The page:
a review by Rich Horton
This is one of the last true Ace Doubles, having been published in August of 1973, the last year for the "dos-a-dos" style doubles. It features one author's first novel and only Ace Double. And it features nearly the last novel by one of the most prolific of Ace Double contributors. William Barton's Hunting on Kunderer is the "first novel", a fairly short one at some 34,000 words. John T. Phillifent wrote 16 different Ace Double halves, fourteen under the name "John Rackham", and Life With Lancelot is one of four novels he put out in 1973, the last year he published any novels. It is about 40,000 words long. One interesting note is the cover to Life With Lancelot, which is by Ed Valigursky. Valigursky was an extremely regular cover artist of Ace Double in the first decade of the series, but his last before this one was in 1965. Nice to see him return one time right at the end of the series (and indeed he did another in 1973, for Mack Reynolds' Code Duello). This was also mostly the end of his SF illustrator career, though he continued to do work for places like Popular Mechanics until he retired some time in the 1990s, and he also did some fine art.
|(Covers by Harry Borgman and Ed Valigursky)|
William Barton has become fairly well known in recent years for a number of reputedly extremely dark and cynical novels, featuring lots of violence and lots of sex (sometimes rather icky sex). He often writes in collaboration with Michael Capobianco. I myself have not read any of his novels, but I have read a number of novellas in places like Asimov's and Sci Fiction, and the novellas are indeed often extremely dark and cynical, and they tend to feature plenty of violence and (sometimes icky) sex. They are also often very good -- in particular I like his two most recent Asimov's novellas: last year's "The Engine of Desire" and this year's "Off on a Starship".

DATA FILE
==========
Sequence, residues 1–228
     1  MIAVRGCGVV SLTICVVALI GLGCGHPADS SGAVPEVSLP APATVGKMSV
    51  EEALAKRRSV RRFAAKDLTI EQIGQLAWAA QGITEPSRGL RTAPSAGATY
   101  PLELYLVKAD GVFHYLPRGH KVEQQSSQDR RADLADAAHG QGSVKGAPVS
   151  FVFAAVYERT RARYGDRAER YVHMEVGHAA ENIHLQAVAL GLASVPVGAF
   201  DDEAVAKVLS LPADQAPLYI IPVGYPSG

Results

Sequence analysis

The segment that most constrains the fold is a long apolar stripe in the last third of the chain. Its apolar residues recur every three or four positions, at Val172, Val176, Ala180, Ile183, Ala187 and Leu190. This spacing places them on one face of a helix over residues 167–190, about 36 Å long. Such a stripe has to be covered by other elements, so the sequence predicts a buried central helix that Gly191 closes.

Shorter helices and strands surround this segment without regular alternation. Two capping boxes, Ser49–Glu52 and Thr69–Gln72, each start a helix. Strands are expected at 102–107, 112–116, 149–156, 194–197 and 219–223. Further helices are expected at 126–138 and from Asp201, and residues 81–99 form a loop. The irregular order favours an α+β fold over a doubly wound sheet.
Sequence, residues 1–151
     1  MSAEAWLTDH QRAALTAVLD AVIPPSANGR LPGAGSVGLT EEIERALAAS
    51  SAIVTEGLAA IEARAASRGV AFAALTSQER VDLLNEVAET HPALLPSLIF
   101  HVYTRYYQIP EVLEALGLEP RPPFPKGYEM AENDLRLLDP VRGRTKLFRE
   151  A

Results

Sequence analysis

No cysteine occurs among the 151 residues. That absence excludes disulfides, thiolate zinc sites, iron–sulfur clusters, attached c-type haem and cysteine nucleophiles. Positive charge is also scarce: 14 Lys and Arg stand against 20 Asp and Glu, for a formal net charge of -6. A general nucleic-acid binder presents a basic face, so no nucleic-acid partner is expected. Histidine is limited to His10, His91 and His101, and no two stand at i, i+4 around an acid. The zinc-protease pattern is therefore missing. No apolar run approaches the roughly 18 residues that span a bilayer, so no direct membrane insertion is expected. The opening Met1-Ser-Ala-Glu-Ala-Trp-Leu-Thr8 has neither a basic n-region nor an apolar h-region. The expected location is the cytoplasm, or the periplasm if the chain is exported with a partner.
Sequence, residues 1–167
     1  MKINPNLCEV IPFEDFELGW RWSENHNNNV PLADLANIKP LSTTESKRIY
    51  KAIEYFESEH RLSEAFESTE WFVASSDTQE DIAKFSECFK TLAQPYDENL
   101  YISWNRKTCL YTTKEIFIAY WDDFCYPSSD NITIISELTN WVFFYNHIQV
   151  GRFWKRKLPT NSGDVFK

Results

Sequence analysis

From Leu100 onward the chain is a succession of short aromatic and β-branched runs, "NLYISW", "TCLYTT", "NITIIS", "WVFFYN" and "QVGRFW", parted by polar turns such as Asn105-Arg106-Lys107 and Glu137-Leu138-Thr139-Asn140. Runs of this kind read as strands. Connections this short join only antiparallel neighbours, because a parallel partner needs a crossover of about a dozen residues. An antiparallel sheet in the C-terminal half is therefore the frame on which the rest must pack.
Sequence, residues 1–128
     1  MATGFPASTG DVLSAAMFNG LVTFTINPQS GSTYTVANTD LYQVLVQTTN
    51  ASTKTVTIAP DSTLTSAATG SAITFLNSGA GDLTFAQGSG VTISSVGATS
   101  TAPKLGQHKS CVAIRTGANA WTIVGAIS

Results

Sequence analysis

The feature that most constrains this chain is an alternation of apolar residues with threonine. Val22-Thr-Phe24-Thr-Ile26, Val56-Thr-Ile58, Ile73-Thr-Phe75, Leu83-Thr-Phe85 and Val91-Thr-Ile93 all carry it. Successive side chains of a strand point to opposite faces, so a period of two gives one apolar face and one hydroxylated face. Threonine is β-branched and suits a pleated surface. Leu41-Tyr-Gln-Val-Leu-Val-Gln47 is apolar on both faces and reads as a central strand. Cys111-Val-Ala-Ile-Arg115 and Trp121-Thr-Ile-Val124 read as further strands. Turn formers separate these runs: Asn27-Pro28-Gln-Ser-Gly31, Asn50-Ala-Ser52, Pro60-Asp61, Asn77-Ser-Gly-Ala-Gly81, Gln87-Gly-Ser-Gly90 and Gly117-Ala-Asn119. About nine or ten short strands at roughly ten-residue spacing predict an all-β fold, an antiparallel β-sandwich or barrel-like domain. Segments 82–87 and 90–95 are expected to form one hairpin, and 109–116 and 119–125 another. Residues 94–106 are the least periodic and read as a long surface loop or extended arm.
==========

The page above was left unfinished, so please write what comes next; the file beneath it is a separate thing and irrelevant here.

Hunting on Kunderer has some sex, though it's not very icky (a bit maybe), and some violence. It's not what I'd call dark, but it is rather cynical. It's really not very good, though, not even close to as good as his later work -- the writing is at best routine, at worst clumsy, the plotting is perfunctory, the setting a bit ordinary.
Kunderer is a planet apparently consisting largely of jungles, with huge trees, and with a dominant predator much resembling a tyrannosaur. A small group arrives on the starship Wandervogel to take a hunting trip. These include Scott MacLeod, a space navy officer on leave; Uri Baruch, a 300 year old Jewish man who has just been ousted as long-time first minister of the Vinzeth Empire, and who has had his sexual organs restored to him after nearly 300 years as a eunuch; Pashai anke Soring, an alien who has been studying human sexuality; and Maryam, a whore who has been assisting Soring in his researches.
On arrival the four go off into the jungle with a guide named of all things Gilgamesh. Meanwhile, the starship has been sabotaged, and apparently only good luck got them safely to Kunderer. The captain quickly decides that one of the four passengers committed the sabotage, and he engages another guide and follows them in order to interrogate each suspect.
The action consists of a bit of hunting of the tyrannosaurs, a bit of ineffectually questioning by the Captain, a rather more effective investigation by the people repairing the starship, and other niceties such as the alien Soring trying to get Maryam to be seduced by or seduce other passengers in order to advance his scientific studies. There are a few deaths, a solution of sorts to the sabotage mystery, and a curiously upbeat (one might almost say, pasted on) ending.
I can detect traces of the future Barton in this book, but for the most part there is no indication that he would become the writer he did. A weak effort, with a couple of minor interesting touches but mostly not -- forgettable, on the whole.